Salmon have been found dead in rivers across Western Alaska this summer. The largest die-off reported comes from the Koyukuk River, a tributary of the Yukon. Scientists suspect that the summer’s record heat is the cause.
In mid-July, Lisa Bifelt needed to catch fish to eat over the winter, so she and her boyfriend boated to an eddy near her home in Huslia on the Koyukuk River.
“And then that's when we started noticing the dead salmon," Bifelt remembered. "Like, every place we would stop they would be floating.”
They counted hundreds of dead summer chum. Stephanie Quinn-Davidson directs the Yukon River Inter-Tribal Fish Commission and flew a team of scientists to the Koyukuk to check out what was happening.
In a video from the trip, Quinn-Davidson walks along a shoreline strewn with chum carcasses in various states of decay, buzzing with flies. “Dead salmon washed up, just piles of them,” she narrates.
Cutting open the fish, the team found underdeveloped eggs and sperm in the bellies, indicating the salmon had a long way to go to reach their spawning grounds, where the fish usually die.
“A river that is usually teeming with life felt like a tomb," described UAF Assistant Fisheries Professor Peter Westley, who was also on the trip.
The salmon showed no signs of parasites, lesions, tumors, or other infections. And because other fish species were not dead, pollution and low oxygen seemed unlikely.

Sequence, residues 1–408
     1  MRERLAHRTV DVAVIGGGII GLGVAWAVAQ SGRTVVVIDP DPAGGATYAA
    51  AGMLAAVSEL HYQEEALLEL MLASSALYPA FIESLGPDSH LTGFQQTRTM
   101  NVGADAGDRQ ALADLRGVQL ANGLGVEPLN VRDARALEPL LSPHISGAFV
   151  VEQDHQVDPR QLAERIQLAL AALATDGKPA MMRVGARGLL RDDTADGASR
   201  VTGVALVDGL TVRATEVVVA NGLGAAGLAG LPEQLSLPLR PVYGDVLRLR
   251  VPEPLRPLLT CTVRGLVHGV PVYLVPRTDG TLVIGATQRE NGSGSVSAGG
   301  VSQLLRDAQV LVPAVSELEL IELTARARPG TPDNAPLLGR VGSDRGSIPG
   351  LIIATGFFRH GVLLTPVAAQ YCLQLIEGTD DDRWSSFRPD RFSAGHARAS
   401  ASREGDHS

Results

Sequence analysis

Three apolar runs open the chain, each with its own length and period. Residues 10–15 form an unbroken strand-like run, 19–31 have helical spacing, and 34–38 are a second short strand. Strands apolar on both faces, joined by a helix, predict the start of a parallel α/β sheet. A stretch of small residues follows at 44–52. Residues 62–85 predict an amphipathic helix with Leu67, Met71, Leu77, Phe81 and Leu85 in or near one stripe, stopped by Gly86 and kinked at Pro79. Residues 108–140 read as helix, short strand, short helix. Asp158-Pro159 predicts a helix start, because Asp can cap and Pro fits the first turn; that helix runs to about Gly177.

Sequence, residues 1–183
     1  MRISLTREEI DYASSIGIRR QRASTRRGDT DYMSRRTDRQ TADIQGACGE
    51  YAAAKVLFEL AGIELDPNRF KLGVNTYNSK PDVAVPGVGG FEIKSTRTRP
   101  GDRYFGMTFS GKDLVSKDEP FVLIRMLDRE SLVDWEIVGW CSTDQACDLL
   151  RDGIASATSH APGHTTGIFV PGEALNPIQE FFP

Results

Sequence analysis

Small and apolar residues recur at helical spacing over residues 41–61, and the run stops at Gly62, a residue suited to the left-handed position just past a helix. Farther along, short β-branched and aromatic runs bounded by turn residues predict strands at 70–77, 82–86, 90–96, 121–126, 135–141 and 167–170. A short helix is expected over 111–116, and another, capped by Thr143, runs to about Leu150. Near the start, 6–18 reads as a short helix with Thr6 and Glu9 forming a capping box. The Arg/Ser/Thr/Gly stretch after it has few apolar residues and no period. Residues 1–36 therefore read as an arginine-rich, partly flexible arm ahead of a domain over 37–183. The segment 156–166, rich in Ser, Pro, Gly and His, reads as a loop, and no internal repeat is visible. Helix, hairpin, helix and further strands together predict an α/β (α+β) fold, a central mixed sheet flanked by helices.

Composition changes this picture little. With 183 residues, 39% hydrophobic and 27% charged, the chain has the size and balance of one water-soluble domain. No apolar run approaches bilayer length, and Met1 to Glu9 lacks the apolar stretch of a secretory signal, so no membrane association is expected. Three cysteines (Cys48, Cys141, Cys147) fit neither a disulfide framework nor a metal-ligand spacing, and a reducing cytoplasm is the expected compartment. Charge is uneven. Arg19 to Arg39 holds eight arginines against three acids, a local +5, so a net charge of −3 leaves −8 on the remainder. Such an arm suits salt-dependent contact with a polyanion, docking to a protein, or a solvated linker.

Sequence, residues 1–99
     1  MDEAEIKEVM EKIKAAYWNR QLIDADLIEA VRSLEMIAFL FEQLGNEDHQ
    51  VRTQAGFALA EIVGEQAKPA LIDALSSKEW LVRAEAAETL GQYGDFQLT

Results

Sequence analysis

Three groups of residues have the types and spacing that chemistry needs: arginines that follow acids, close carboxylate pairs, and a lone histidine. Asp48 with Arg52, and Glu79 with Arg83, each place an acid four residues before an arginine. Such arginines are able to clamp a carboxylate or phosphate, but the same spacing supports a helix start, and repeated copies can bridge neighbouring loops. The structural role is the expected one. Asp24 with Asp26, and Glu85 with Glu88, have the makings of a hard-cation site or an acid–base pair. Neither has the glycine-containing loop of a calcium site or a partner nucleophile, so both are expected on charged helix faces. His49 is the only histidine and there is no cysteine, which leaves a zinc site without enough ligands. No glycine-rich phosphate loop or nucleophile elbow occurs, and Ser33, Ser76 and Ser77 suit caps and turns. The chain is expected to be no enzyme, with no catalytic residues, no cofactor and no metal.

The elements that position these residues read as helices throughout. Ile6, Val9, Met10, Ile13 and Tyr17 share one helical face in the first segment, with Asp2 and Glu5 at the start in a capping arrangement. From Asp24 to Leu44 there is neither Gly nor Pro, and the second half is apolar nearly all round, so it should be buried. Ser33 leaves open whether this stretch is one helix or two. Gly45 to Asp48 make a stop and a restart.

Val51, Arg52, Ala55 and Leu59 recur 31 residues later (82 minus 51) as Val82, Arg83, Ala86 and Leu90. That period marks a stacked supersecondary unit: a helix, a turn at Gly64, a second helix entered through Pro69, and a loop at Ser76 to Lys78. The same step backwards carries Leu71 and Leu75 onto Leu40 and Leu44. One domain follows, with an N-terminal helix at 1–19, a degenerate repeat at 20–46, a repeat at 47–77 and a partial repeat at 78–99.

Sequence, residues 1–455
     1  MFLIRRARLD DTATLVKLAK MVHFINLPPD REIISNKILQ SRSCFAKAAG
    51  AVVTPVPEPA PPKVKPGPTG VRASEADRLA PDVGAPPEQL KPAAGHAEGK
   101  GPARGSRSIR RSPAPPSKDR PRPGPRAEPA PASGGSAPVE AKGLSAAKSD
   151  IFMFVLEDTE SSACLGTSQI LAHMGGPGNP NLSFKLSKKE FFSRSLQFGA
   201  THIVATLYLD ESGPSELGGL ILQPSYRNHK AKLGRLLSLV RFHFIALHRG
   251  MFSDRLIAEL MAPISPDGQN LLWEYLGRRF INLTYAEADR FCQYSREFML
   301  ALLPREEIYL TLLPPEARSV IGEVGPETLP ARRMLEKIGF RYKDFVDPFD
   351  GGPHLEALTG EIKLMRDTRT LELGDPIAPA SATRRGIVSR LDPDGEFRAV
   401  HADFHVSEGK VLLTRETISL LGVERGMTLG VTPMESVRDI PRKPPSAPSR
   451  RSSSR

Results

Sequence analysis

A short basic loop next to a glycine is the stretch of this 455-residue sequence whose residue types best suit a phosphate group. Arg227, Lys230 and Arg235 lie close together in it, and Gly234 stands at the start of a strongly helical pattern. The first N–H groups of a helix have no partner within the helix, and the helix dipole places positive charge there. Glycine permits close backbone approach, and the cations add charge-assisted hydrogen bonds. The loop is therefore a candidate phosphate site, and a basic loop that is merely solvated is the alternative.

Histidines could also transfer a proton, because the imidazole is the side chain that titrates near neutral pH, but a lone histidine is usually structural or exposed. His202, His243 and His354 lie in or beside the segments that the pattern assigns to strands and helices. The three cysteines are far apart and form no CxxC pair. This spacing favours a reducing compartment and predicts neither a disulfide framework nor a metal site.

“Most of the fish that we came across, other than being dead, looked fairly healthy," Westly observed. "The key indicator that something was wrong was that the fish were dead."
Vanessa von Biela studies the effects of temperature on Yukon salmon, and she said that all signs pointed to one cause of death.
“I think there's strong evidence to suggest that fish are dying because of heat stress,” she concluded.
Von Biela’s research with the U.S. Geological Survey shows temperatures approaching 70 degrees begin demanding enormous energy from the fish.
“So it's like if you start a long road trip, and you actually end up running out of gas before you make it to your destination,” she explained.
The Yukon River spent more than a month at or above this threshold, clocking the highest temperatures that had ever been recorded on the river.
Alaska Department of Fish and Game Manager Holly Carroll was also on that trip. It’s her job to manage where and when people can fish for summer chum, and how much they can catch. She also suspects that the warm water was responsible for the die-off, saying “It just was probably too much for them.”
She finds the deaths disconcerting, but she’s not rattled by the event.
“There is 1.4 million (summer chum) salmon that came in this river,” Carroll said. “And we might have seen thousands die off, but I'm not worried about the future of this species.”
She says that salmon are resilient, but it’s their resilience that alarmed another scientist on the trip.
“They’re really tough. So if salmon are dying, it points to something fairly serious,” said UAF's Westley.
Despite the die-off, subsistence families who rely on summer chum have not reported difficulty meeting their harvest goals. And king salmon, which are larger, have not been reported dead.